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Reporter denies William tacitly approved leak of Meghan bullying claims

·3 min read
<span>Photograph: Reuters</span>
Photograph: Reuters

In BBC documentary, Times journalist Valentine Low plays down rumours of briefing war between royal brothers

Allegations that the Duchess of Sussex had “bullied” two members of staff at Kensington Palace were “absolutely not” leaked with Prince William’s tacit approval, according to the journalist who reported them.

The final part of a controversial BBC documentary on the relationship between Prince William, Prince Harry and the media examined allegations of a briefing war between the brothers.

The bullying claims, which the duchess has denied and which are the subject of an ongoing inquiry at Buckingham Palace, emerged just days before Harry and Meghan’s interview with talkshow host Oprah Winfrey.

The BBC presenter Amol Rajan asked the Times journalist Valentine Low if he believed the people who leaked the bullying allegations to him had been licensed to do so by the Duke of Cambridge. “Did you think that the people speaking to you had his tacit approval?” Rajan asked. “Absolutely not,” Low replied.

The Sussexes’ lawyer, Jenny Afia, told the documentary, The Princes and the Press, that the bullying story was untrue and had “massive, massive inaccuracies”. But, she said, it was difficult to refute. “‘It is really hard to prove a negative. If you haven’t bullied anyone, how do you show that you haven’t ?” she said.

She also defended the Sussexes against newspaper criticism that they demanded privacy, and fought for it through the courts, while at the same time speaking out to others. She said: “It’s not them who have said they want privacy. It’s something that the tabloids have said about them that’s latched on.

“They have taken steps when there have been blatant violations, unlawful violations of privacy, of course. Then they have challenged it,” she added. “Because that’s in line with their values.”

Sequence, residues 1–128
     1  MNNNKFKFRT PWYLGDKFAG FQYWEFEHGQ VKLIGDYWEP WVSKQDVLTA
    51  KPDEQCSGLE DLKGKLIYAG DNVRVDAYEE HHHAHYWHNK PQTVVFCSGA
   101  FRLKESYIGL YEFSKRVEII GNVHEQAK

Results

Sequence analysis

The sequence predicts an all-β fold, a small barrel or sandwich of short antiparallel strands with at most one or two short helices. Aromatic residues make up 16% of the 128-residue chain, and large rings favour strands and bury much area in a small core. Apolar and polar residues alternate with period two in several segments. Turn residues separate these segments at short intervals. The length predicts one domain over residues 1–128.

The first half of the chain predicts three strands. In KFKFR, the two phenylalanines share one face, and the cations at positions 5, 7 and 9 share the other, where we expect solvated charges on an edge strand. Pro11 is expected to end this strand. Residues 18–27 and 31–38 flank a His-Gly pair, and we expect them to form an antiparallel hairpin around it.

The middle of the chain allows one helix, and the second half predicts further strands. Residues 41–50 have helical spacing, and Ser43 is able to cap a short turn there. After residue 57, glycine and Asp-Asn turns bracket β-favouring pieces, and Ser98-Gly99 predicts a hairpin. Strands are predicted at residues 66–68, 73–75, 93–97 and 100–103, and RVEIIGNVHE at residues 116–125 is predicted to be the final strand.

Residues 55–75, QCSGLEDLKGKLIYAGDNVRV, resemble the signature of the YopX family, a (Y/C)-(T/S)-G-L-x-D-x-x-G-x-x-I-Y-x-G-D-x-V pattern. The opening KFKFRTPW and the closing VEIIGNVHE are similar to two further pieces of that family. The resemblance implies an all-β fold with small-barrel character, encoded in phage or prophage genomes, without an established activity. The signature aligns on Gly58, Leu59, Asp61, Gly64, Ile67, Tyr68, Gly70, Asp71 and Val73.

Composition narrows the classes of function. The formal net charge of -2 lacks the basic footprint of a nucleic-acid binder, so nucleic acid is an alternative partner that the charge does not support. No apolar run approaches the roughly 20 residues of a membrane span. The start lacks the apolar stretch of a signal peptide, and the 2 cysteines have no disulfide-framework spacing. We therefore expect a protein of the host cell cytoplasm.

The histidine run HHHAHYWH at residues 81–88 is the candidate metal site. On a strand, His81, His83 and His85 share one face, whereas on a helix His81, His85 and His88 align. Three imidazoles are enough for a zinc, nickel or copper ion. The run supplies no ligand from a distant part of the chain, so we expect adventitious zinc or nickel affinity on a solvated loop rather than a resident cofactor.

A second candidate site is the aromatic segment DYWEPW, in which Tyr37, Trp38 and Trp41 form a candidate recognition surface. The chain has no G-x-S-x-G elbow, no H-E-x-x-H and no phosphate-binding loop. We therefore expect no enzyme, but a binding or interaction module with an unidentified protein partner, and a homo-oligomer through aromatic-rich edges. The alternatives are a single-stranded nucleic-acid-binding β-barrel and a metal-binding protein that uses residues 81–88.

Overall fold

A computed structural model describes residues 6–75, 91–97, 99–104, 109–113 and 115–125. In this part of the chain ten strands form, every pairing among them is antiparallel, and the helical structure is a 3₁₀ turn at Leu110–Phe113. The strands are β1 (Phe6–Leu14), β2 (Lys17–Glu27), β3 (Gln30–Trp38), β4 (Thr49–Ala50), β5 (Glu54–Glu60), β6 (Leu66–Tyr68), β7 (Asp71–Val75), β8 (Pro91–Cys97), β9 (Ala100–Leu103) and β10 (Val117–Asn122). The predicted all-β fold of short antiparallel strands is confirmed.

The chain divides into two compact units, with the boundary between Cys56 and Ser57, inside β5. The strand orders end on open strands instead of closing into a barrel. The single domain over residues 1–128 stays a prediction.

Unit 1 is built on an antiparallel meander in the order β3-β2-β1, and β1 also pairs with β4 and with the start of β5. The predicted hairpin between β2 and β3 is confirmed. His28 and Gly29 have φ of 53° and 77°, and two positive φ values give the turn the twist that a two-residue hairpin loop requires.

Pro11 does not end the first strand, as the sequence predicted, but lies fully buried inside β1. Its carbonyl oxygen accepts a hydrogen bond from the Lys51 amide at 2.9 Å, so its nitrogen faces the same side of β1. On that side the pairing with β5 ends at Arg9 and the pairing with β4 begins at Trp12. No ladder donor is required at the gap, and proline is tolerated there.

But that did not mean they had to take a vow of silence, she said, adding that privacy was the right to choose what information they shared.

Rajan’s documentary had been hugely hyped in some newspapers, who alleged it could reveal if royal households, in particular the Duke of Cambridge’s, supplied negative briefings against his brother and sister-in-law, an allegation that is firmly denied by aides.

Newspapers also criticised the BBC for reportedly not allowing senior royal aides to view the programme before it aired.

In the end, when the first part aired last Monday, it included just one quote on the rumours that anti-Meghan briefings were conducted by royal aides, when Omid Scobie, the Sussexes’ biographer, told the programme: “From my own reporting and research, that is exactly true.”

The BBC came under further attack following a joint written statement from Buckingham Palace, Clarence House and Kensington Palace, shown at the end of the programme, which said: “Too often overblown and unfounded claims from unnamed sources are presented as facts and it is disappointing when anyone, including the BBC, gives them credibility.”

Headlines interpreted the statement as a direct attack on the BBC. Shortly afterwards, William and Kate’s decision to give ITV the broadcast rights to their charity Christmas carol services was seen as his revenge on the corporation. William has previously been vocal in his criticism of the BBC following the controversy over how Martin Bashir obtained his world exclusive Panorama interview with Diana, Princess of Wales.

There has also been sustained attack on Rajan in some quarters of the media, who questioned his impartiality to host the documentary by referring to a 2012 article he wrote for the Independent in which he declared: “I’m a republican because I’m a patriot.”

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